Vickie’s entry ably demonstrates how bad weather can inspire good photographs, despite it having the potential to wreak havoc on local flora and fauna. I like the swatch of frozen branches fanning out of her frame like the dense respiratory bronchioles of the lungs.

Speaking of lungs, I want everyone to take a deep breath… because there’s still a chance to enter this month’s contest. In fact, we’ll be accepting entries for “Cool” through the end of the day, Monday, March 31, 2008. So, if you haven’t already entered, be sure to get your entry in soon. It costs nothing to enter and, while you’re at it, be sure to ask your family and friends to vote for your entry as well.

If you’ve already entered, check back at the end of the month to see which two entries won. Each of our two winners will receive the following cool prizes:

Photobird account with 500MB storage space
• 1GB SanDisk Ultra II memory card (winner chooses format)
Understanding Exposure by Bryan Peterson

You can read more details about the monthly contest here.

And, if you have any questions, please ask in the Photobird forums.

Your Privacy Matters

March 24, 2008

© Copyright Mike Saunders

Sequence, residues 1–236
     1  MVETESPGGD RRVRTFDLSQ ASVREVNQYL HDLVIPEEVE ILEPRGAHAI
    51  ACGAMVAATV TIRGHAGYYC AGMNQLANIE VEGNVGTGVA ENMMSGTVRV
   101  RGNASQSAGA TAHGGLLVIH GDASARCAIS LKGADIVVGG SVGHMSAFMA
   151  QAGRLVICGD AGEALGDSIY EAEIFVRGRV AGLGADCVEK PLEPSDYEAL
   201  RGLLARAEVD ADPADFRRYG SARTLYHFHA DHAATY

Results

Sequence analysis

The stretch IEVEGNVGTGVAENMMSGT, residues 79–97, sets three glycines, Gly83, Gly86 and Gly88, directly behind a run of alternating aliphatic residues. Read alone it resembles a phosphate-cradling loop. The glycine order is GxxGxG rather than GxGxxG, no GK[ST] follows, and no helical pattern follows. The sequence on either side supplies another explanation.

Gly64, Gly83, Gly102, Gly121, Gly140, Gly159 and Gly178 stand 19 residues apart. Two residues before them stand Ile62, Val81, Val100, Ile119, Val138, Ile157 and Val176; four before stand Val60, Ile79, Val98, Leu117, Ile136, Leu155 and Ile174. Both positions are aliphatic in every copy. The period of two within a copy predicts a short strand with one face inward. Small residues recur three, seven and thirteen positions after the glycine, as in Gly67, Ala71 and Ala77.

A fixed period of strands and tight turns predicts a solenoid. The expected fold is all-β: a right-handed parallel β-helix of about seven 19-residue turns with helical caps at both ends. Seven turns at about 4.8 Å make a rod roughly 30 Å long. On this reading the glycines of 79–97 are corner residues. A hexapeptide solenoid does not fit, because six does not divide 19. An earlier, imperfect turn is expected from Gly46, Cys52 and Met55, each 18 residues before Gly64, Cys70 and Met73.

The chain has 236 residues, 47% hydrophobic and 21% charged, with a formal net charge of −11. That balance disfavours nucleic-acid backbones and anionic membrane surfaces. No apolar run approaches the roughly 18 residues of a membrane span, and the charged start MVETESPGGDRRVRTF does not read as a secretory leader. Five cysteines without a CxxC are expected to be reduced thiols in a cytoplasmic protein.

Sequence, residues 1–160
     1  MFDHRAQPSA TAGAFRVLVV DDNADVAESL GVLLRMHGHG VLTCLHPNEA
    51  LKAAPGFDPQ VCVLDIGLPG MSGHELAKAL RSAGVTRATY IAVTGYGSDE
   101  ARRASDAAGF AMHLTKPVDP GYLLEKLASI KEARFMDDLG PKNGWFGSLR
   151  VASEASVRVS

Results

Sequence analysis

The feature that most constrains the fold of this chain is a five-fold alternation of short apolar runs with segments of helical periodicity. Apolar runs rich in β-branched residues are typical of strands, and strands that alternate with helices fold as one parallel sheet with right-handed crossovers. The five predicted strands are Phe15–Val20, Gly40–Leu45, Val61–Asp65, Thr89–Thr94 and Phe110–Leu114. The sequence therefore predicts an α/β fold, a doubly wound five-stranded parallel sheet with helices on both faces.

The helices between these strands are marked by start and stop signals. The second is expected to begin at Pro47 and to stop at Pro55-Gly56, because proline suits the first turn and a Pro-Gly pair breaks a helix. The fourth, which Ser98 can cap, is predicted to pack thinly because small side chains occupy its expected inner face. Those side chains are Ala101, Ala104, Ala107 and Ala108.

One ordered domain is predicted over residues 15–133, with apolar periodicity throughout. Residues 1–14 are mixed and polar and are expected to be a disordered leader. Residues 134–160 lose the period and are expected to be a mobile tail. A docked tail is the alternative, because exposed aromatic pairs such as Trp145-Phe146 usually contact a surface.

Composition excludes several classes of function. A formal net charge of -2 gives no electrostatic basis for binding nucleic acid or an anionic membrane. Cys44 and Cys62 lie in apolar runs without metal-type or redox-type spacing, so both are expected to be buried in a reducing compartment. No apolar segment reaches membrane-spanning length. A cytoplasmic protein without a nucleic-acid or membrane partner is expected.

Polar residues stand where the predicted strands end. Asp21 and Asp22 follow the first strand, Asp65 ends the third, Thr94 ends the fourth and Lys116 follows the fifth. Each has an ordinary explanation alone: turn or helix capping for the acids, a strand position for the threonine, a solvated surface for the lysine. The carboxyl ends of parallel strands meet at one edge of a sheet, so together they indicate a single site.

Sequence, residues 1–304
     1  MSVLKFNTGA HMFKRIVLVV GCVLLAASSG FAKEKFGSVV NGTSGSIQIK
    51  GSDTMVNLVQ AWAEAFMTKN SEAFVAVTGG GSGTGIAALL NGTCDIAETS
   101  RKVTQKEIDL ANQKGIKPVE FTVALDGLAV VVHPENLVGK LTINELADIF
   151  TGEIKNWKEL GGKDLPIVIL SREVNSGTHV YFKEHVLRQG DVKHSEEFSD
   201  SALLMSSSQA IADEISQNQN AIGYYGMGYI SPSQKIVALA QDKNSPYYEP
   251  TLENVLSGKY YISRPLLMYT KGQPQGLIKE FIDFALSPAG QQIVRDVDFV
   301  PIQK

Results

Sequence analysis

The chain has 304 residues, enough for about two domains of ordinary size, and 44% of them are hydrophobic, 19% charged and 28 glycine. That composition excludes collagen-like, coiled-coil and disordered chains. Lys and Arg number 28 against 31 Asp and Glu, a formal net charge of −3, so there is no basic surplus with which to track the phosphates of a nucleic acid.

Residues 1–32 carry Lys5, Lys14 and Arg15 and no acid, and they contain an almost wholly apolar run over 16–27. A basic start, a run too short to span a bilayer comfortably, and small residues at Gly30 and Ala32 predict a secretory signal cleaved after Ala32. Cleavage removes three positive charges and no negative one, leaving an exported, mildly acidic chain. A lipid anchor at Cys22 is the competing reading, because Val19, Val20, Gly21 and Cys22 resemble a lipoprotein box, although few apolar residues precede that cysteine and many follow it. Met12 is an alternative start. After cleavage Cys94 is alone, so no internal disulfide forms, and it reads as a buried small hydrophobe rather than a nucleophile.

On, your privacy is paramount to us and protecting it is one of our top objectives when designing and its infrastructure. We have designed our procedures and processes for handling your data with the same high-quality care and security that we would expect our own personal data to be handled.

  • Your photos and photo albums are private until you tell people about them.
  • We do not run third-party advertisements on your photo albums because, for one reason, we know these ads will often track user information.
  • We do not rent, share, sell, or otherwise disclose your personal data to any third party for marketing purposes.
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  • We employ secure 128-bit SSL (Secure Sockets Layer) data encryption using GeoTrust technology, for all sensitive communication.
  • All of your confidential information is processed and stored on secure servers that are audited by your credit card companies to ensure your information is processed and stored securely.

Be sure to read our extensive privacy policy for complete details. And, as always, we welcome your feedback and comments about our privacy policy and other features of the website.